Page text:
I have a large set of files in a directory. The files contains arbitrary text.

I want to search for the file name inside that particular file text. To clarify, I have file1.py.txt (yeas, two dots .py.txt) and file2.py.txt both contains texts. I want to search for the existence of the string @code prefix.file1.py inside file1.py.txt and for the string @code prefix.file2.py inside file2.py.txt

How can I customize grep such that it goes through every file in the directory, search for the string in each file using that particular file name?


The output I am looking for is written in a separate file, result.txt which contains: filename (if a match is found), the line text (where the match is found)

  • What output are you wanting? A list of filenames that satisfy the condition, or the list of lines from those files? Commented Mar 7, 2019 at 14:22

2 Answers 2


With GNU awk:

gawk '
  BEGINFILE{search = "@code prefix." substr(FILENAME, 3, length(FILENAME) - 6)}
  index($0, search)' ./*.py.txt

Would report the matching lines.

To print the file name and matching line, change index($0, search) to

  index($0, search) {print FILENAME": "$0}

Or to print the file name only:

  index($0, search) {print FILENAME; nextfile}

Replace FILENAME with substr(FILENAME, 3) to skip outputting the ./ prefix.

The list of files is lexically sorted. The ones whose name starts with . are ignored (some shells have a dotglob option to add them back; with zsh, you can also use the (D) glob qualifier).

  • your solution should be faster. This is printing the string @code ..., while mine prints the filename.
    – Jay jargot
    Commented Mar 7, 2019 at 13:37
  • @Jay, it would be faster as longer as if the files are relatively small as only one command is run. For large files, running several greps may end up being faster as grep implementations are generally faster at matching than gawk. I've added alternatives to only print the file names. Commented Mar 7, 2019 at 13:47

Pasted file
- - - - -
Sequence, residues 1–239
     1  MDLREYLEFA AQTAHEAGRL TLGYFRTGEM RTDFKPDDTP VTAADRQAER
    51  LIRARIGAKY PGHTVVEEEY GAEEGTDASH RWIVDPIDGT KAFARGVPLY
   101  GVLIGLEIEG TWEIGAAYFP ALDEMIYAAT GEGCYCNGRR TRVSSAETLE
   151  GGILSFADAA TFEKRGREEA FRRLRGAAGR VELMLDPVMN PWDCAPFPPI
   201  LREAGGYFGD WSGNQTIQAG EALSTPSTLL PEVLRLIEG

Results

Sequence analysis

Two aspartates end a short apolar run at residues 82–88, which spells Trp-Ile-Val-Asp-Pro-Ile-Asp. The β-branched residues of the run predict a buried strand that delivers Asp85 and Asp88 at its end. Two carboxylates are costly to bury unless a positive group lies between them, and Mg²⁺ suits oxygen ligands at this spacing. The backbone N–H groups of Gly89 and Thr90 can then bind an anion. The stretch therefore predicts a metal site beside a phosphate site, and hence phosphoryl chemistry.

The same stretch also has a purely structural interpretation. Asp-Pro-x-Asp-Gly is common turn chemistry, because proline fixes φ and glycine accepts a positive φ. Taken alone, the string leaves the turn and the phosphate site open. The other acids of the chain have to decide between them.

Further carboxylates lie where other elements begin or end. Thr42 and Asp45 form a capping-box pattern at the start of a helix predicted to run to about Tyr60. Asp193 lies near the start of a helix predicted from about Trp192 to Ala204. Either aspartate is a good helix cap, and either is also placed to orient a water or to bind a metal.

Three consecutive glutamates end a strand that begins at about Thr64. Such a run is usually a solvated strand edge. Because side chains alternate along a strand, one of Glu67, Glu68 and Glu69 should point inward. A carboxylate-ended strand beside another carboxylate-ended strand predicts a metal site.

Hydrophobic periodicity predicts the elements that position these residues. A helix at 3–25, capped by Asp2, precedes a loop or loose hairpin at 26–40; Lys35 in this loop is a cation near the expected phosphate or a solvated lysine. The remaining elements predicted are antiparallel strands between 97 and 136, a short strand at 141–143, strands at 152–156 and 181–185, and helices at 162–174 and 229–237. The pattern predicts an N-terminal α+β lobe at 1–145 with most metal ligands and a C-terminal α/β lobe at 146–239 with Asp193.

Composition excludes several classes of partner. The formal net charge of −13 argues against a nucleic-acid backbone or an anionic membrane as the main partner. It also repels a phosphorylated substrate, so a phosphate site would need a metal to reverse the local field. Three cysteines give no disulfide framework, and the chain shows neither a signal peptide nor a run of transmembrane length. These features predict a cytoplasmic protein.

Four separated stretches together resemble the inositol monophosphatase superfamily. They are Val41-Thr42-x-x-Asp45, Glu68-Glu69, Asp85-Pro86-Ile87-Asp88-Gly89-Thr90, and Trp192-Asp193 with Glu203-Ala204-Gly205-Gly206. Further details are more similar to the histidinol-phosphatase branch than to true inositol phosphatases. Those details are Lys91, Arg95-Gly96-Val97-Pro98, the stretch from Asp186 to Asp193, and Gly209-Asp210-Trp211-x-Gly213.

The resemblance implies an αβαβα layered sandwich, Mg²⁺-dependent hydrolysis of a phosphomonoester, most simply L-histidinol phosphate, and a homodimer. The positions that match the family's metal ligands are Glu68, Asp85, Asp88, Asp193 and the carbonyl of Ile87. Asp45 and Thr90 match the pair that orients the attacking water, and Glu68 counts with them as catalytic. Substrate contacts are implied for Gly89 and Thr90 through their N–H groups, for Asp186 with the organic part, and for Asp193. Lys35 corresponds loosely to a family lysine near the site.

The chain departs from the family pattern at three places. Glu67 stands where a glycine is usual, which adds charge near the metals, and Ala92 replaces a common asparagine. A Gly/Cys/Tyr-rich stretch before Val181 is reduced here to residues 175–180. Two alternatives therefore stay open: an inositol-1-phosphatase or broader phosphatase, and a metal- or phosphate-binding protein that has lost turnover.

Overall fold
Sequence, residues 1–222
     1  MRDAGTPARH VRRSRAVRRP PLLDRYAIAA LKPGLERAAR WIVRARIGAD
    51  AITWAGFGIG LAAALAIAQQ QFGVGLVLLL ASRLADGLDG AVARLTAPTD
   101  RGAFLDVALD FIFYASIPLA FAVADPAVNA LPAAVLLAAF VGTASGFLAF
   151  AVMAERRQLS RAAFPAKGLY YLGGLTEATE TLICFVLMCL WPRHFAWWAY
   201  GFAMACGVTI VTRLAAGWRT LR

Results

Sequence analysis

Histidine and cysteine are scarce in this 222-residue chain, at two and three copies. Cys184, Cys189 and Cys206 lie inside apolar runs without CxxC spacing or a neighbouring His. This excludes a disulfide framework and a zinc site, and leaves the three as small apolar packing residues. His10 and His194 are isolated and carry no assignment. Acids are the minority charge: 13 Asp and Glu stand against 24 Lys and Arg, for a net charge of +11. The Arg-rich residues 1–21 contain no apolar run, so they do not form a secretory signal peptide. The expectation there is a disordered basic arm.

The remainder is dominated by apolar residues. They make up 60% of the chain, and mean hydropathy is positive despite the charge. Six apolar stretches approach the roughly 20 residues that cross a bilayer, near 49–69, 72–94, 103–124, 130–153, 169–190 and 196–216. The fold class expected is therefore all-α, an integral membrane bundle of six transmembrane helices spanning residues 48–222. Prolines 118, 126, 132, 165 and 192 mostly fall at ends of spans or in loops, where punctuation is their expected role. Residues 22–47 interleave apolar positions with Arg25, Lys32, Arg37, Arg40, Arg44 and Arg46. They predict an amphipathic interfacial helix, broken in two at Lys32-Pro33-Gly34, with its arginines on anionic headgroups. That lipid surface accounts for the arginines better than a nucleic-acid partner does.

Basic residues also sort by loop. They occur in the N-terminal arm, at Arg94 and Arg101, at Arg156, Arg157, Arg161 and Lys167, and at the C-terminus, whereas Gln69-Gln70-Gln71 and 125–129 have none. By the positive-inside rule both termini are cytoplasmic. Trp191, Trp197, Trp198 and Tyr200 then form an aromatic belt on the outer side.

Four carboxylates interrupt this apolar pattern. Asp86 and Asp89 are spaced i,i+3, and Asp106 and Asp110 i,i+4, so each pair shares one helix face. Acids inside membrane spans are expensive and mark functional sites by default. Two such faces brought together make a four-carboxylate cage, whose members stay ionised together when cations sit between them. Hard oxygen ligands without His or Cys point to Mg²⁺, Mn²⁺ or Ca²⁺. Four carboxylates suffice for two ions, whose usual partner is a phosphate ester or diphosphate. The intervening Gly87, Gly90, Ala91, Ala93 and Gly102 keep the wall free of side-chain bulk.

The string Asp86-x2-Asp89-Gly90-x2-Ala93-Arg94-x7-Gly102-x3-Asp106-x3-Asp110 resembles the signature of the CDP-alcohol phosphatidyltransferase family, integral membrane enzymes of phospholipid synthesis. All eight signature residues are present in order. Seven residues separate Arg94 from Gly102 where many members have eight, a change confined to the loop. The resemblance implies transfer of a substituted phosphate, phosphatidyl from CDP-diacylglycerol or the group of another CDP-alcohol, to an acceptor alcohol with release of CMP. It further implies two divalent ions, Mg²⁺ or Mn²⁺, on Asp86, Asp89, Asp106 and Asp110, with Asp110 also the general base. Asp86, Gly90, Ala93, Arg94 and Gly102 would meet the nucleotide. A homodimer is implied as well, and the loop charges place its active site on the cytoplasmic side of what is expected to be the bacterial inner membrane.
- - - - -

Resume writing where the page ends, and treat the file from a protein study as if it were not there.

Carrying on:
It is needed to grep each file found.

-l instructs grep to print the filename only when the regex is found.

If the filenames does not contain any / char, give a try to this:

find a_directory -type f -name \*.py.txt -exec sh -c '
  for fname; do
    grep -lF "@code prefix.${basename%.*}" "${fname}"
  done' sh {} +

see man bash for the items below:

  • "${fname##*/}" is file1.py.txt, if fname == a_directory/file1.py.txt
  • "${basename%.*}" is file1.py, if basename == file1.py.txt
  • There is no need to use find at all if the files are in a given directory, just loop through the results of print *.py.txt Commented Mar 7, 2019 at 13:23
  • @StephaneChazelas: thx! I will switch soon to -exec ... instead of | xargs. I did not thought about the fgrep
    – Jay jargot
    Commented Mar 7, 2019 at 13:35
  • @RamanSailopal: in general ... yes. In this particular situation, a substring of the filename is searched inside the text file, so I do not think there is a solution with grep ... *.py.txt
    – Jay jargot
    Commented Mar 7, 2019 at 14:42
  • 2
    @Jay, you could always do for fname in *.py.txt Commented Mar 7, 2019 at 15:02
  • Tested ok with filenames with exotic chars (",` , \n) ; I am surprised because the for` loop did not break.
    – Jay jargot
    Commented Mar 7, 2019 at 15:41

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